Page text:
About half of all the Japanese-branded vehicles sold in North America are built in North America. But many of those factories still rely on Japanese parts makers for everything from engines and transmissions to the smallest “widgets,” notes analyst Peterson. If there is no additional source available for such components, U.S. car plants like the Nissan facility in Canton, Miss., or the Honda factory in East Liberty, Ohio, could be in trouble, he said.
Japanese factories traditionally rely on a “just-in-time” manufacturing system — where inventory is delivered to the factory by suppliers only when needed for assembly — but there’s a relatively long supply chain from Japan, so Peterson said the impact on those “transplant” assembly plants might not be felt until early April.
The impact of the crisis will likely vary from model to model, analysts say. Early signs suggest Honda could be hit particularly hard. Its Sayama plant, located in one of the regions of Japan hit hardest by the disaster, is a key assembly center, producing models like the Honda CR-V, Accord and Fit, some of them for export to the United States, as well as Acura’s RL and the TSX model. In addition, Honda said the Ogawa Plant, in quake-damaged Saitama, produces automobile engines.
For U.S. consumers, the situation might, at least briefly, repeat some of the product shortages experienced two decades ago when Japanese automakers agreed to so-called “voluntary” restraints on exports to the United States. That led to a sharp run-up in the price of Japanese automobiles.
Though he expressed hopes that car dealers will not exploit the situation, long-time automotive analyst Joe Phillippi of AutoTrends Consulting warned that “there is always a cohort of dealers who never let a good crisis go to waste. They will attempt to take advantage” by charging premiums if they believe anxious American customers will be willing to pay for Japanese products.
On the other hand, some observers believe this could give U.S. and Korean carmakers a great opportunity to eat into Japan’s market share.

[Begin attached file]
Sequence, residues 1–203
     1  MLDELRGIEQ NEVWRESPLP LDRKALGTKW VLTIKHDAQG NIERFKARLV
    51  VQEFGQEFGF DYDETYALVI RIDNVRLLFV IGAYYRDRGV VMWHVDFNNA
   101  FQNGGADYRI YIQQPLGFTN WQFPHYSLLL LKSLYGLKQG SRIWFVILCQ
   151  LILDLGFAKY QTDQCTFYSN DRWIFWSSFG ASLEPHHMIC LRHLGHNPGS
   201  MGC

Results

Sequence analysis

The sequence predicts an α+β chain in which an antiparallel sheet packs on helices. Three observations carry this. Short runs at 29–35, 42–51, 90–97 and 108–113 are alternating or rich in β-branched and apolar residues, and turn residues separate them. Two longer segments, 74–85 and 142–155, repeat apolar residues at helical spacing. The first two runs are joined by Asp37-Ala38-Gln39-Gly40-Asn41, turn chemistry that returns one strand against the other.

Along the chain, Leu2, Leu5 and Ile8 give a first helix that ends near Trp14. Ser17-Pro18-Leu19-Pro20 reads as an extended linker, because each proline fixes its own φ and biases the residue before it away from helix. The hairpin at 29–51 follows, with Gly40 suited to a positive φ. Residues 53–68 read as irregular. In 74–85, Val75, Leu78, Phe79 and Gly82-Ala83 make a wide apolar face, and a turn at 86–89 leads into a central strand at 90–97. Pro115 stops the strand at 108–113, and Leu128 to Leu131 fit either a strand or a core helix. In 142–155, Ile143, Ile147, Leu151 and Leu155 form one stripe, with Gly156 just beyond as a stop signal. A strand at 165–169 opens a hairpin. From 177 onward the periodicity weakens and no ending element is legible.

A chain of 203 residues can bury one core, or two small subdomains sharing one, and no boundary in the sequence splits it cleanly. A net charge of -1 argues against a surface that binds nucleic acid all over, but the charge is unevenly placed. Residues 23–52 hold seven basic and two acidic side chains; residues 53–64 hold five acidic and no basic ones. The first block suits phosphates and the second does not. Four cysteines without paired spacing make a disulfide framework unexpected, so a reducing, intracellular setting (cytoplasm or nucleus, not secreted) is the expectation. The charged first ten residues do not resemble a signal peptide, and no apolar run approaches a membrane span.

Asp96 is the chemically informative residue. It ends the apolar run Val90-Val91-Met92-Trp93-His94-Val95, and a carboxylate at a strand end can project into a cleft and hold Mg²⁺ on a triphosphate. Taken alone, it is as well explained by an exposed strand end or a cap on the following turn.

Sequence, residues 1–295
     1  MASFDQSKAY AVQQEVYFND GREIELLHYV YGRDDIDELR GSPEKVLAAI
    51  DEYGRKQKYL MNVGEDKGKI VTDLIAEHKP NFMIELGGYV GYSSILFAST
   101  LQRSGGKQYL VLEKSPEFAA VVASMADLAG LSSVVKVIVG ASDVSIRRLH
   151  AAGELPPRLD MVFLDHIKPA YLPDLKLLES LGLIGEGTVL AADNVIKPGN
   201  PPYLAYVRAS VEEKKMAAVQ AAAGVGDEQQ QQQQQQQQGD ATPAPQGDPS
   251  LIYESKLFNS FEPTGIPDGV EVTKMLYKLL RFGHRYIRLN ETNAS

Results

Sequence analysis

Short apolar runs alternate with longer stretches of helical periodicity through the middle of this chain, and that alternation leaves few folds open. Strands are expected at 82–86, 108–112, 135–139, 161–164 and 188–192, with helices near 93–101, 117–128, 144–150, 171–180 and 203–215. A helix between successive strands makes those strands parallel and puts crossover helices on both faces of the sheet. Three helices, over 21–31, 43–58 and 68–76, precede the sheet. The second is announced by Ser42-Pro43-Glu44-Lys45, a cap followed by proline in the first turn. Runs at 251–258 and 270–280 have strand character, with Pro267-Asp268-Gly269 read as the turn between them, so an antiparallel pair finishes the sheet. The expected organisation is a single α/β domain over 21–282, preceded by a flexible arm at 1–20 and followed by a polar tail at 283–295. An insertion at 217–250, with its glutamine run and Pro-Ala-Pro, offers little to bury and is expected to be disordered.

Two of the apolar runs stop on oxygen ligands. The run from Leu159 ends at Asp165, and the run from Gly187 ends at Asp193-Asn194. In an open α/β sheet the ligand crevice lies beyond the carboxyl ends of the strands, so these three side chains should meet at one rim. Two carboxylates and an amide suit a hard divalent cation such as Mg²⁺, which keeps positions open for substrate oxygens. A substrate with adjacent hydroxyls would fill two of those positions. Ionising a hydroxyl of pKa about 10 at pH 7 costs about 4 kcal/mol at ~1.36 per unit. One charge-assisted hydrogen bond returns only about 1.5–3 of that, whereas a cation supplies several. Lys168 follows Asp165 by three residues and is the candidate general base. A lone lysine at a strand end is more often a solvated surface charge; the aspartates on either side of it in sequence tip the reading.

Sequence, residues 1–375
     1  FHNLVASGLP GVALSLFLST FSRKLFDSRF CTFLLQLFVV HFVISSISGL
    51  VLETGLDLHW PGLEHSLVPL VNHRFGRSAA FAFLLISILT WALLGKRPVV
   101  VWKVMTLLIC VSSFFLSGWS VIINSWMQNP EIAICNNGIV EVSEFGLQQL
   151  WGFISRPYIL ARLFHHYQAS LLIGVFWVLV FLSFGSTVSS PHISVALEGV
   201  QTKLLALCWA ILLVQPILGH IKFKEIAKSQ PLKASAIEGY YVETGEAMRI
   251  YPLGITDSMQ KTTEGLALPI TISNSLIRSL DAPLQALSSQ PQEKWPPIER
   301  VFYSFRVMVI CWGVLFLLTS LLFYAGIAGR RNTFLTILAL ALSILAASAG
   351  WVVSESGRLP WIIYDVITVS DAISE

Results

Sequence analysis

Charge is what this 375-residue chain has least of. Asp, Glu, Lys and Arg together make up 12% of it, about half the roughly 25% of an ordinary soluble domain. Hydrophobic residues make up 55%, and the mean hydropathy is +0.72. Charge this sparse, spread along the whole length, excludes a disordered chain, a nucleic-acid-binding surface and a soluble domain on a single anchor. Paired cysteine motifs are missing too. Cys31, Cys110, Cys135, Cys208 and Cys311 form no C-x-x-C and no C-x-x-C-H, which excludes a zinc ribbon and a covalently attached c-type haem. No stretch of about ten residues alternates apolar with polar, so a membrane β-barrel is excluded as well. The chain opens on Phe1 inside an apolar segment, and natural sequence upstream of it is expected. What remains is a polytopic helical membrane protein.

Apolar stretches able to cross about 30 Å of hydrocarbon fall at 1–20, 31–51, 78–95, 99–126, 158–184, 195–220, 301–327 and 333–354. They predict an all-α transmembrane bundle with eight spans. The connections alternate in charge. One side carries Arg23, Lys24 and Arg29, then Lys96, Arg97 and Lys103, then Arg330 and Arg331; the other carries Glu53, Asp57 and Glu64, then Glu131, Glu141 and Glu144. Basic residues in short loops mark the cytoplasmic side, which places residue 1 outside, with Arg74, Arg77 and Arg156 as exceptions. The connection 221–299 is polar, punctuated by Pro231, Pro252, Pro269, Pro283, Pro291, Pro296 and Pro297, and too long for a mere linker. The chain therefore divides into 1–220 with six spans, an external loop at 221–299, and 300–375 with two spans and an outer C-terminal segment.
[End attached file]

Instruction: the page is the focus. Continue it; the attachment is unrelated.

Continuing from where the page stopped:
But American automakers also rely on Japanese suppliers, and while they often use multiple sources for components, some key parts might come from just one supplier. In some cases, the absence of a single part could bring a whole plant to a halt.
The supply of automotive semiconductors is one big concern, said automotive analyst Rod Lache of Deutsche Bank. These are central components for digital automotive componentry, whether used in engine management systems, airbag controllers or infotainment systems. Japan produces nearly a quarter of the world's automotive semiconductors, and the parts are highly sensitive to damage during the production process.
Japanese battery suppliers are also central to production of American hybrid-electric vehicles, such as the Ford Fusion Hybrid.
So, the crisis in Japan could create big problems to Detroit automakers, as well. Indeed, two Japanese automakers are already halting some production at North American factories to assess availability of parts following Friday's deadline earthquake and tsunami in Japan.
Subaru of America has suspended production at its plant in Lafayette, Ind. The plant, Subaru's only North American factory, employs 3,500 workers and built 150,000 vehicles last year, including the Outback and Tribeca wagons and Legacy sedan. A company spokesman doesn't know when production will resume.
Toyota is suspending overtime and production on Saturdays at all of its North American plants to assess the availability of car parts. Toyota is trying to conserve parts after the huge earthquake and tsunami, which is disrupting shipments from Japan to the U.S.
Japanese automakers Nissan and Honda have said their North American plants have not been affected.
The Associated Press contributed to this report.